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Lenz Moser Gruner Veltliner Heuriger (1 Liter) 2010

Gruner Veltliner from Austria
    12% ABV
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    12% ABV

    Winemaker Notes

    Quality wine, dry. Wine growing area Burgenland. Greenish yellow, spicy and fruity. Fresh, spicy style with peppery components. Full and dry in the length. An uncomplicated but expressive and lively white wine for many occasions.

    Critical Acclaim

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    Lenz Moser

    Lenz Moser

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    Lenz Moser, Austria
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    The name of Lenz Moser is inextricably linked with wine-growing in Austria. The current Lenz Moser estate winery in Rohrendorf near Krems, first mentioned in an official document as early as 1040, is considered the origin of departure for significant impulses aimed at preserving Austrian wine culture. For example, the "Lenz Moser high training system" was invented here, which revolutionised viticulture in the 1950's.

    Apart from its main estate in Rohrendorf, Lenz Moser also operates the castle winery of the Sovereign Order of the Knights of Malta in Mailberg/Weinviertel and the Klosterkeller (cloistral cellar) in Siegendorf/Burgenland. Not only the Lenz Moser high training system is put to use at these locations, but also other aspects of ecological winegrowing: Quality is given preference over quantity, and the focus is placed on organic fertilising, natural pest control, and environmentally gentle weed control.

    Appreciated for superior wines made from indigenous varieties, Austria should be on the radar of any curious wine drinker. A rather cool and dry wine growing region, this country produces wine that is quintessentially European in style: food-friendly with racy acidity, moderate alcohol and fresh fruit flavors.

    Austria’s viticultural history is rich and vast, dating back to Celtic tribes with first written record of winemaking starting with the Romans. But the 20th century brought Austria a series of winemaking obstacles, namely the plunder of both world wars, as well as its own self-imposed quality breach. In the mid 1980s, after a handful of shameless vintners were found to have added diethylene glycol (a toxic substance) to their sweet wines to imitate the unctuous qualities imparted by botrytis, Austria’s credibility as a wine-producing country was compromised. While no one was harmed, the incident forced the country to rebound and recover stronger than ever. By the 1990s, Austria was back on the playing field with exports and today is prized globally for its quality standards and dedication to purity and excellence.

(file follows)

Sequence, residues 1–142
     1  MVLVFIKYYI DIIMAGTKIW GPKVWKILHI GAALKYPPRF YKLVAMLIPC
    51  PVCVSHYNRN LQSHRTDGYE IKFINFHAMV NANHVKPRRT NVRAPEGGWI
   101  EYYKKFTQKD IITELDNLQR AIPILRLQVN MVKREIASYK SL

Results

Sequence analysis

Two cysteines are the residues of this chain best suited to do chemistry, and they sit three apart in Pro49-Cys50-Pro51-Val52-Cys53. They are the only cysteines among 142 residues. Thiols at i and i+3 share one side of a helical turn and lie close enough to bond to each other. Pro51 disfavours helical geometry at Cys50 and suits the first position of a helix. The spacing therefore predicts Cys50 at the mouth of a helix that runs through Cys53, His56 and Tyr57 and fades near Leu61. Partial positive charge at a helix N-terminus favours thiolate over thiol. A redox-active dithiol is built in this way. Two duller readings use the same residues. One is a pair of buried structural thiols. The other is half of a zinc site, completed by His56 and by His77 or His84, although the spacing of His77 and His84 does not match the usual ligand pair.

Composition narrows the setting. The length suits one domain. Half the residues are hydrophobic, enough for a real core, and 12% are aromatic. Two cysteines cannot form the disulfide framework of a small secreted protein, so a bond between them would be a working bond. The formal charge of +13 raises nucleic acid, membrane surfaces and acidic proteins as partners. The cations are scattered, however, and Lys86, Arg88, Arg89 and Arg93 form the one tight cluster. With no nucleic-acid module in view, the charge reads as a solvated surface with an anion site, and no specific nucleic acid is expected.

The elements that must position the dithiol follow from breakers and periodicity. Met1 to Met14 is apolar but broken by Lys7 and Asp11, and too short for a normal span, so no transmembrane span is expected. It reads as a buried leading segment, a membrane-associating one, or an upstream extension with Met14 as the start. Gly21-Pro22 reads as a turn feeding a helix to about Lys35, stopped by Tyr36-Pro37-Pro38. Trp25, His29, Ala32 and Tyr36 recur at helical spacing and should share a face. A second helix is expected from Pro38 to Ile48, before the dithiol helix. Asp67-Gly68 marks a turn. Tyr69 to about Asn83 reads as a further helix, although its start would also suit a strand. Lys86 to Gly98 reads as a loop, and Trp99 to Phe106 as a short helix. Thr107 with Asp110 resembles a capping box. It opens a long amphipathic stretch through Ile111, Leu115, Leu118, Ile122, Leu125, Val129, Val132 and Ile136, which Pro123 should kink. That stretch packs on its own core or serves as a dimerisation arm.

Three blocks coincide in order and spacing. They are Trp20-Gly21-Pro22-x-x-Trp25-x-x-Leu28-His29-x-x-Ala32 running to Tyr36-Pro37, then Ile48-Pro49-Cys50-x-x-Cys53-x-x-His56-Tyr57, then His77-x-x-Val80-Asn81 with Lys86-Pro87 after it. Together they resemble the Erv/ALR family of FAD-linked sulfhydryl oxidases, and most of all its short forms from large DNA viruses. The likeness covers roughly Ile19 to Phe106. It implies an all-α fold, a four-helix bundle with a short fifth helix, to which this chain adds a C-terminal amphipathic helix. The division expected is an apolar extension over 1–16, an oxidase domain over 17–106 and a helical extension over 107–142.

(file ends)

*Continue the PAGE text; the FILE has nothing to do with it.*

Grüner Veltliner, known for its racy acidity and herbal, peppery aromatics, is Austria's most important white variety, comprising nearly a third of Austrian plantings. Riesling in Austria is high in quality but not quantity, planted on less than 5% of the country’s vineyard land. Austrian Rieslings are almost always dry and are full of bright citrus flavors and good acidity. Red varietal wines include the tart and peppery Zweigelt, spicy and dense Blaufränkisch and juicy Saint Laurent. These red varieties are also sometimes blended.

    Gruner Veltliner

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    Fun to say and delightfully easy to drink, Grüner Veltliner is indigenous to Austria, where it has long maintained its status as the nation’s most important and most planted white grape.

    In the Glass

    Crisp and refreshing with plenty of lively acidity, Grüner Veltliner is marked by telltale notes of white pepper, citrus, peach, herbs and a bright minerality. While most are fresh and ready to drink early, there are a few styles to be found. Many high caliber single vineyard bottlings can benefit from cellar aging but the straightforward and easily quaffable Grüners often come in one liter size bottles—a convenient size!

    Perfect Pairings

    Grüner Veltliner is a wonderfully versatile wine. It can pair with just about any lighter fare, from seafood to poultry, or even notoriously difficult vegetables like asparagus and artichokes. Traditional Austrian Weiner Schnitzel is also a perfect match to the acidity and spice in Grüner Veltliner.

    Sommelier Secret

    About 75% of the world’s Grüner Veltliner comes from Austria but the variety is gaining ground in other countries, namely Hungary, the Czech Republic, Slovakia and the United States.

    EPC21909_2010 Item# 114397